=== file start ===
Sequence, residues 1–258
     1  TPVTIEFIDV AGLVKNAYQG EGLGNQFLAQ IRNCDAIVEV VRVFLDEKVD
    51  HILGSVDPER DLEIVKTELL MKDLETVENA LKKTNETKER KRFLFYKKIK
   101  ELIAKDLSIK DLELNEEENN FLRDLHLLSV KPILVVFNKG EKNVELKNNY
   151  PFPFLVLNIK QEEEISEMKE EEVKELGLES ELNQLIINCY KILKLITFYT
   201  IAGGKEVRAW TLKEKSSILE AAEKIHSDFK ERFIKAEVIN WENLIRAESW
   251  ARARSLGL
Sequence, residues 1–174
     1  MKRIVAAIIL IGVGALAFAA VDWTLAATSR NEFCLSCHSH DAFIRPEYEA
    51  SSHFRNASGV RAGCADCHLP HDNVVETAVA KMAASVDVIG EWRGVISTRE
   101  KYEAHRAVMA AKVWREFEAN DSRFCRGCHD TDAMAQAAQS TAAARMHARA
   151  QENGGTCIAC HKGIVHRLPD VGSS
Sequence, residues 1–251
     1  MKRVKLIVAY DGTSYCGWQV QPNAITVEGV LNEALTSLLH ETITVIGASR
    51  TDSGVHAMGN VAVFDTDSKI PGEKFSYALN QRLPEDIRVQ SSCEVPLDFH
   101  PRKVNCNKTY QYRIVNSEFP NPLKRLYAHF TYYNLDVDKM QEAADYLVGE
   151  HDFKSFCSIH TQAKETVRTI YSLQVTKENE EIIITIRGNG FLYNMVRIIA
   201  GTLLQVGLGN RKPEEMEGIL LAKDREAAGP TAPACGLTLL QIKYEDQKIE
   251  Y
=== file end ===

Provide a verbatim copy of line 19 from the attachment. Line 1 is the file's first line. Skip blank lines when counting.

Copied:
   251  Y